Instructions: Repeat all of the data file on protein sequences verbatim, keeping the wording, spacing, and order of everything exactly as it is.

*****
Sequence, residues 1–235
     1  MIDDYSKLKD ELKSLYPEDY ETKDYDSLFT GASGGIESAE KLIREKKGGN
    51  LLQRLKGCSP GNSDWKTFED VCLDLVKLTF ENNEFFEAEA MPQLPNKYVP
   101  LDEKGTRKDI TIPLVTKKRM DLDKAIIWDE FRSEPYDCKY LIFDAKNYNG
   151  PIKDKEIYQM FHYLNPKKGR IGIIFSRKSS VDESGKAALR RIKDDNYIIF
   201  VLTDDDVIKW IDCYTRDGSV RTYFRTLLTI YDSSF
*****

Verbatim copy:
Sequence, residues 1–235
     1  MIDDYSKLKD ELKSLYPEDY ETKDYDSLFT GASGGIESAE KLIREKKGGN
    51  LLQRLKGCSP GNSDWKTFED VCLDLVKLTF ENNEFFEAEA MPQLPNKYVP
   101  LDEKGTRKDI TIPLVTKKRM DLDKAIIWDE FRSEPYDCKY LIFDAKNYNG
   151  PIKDKEIYQM FHYLNPKKGR IGIIFSRKSS VDESGKAALR RIKDDNYIIF
   201  VLTDDDVIKW IDCYTRDGSV RTYFRTLLTI YDSSF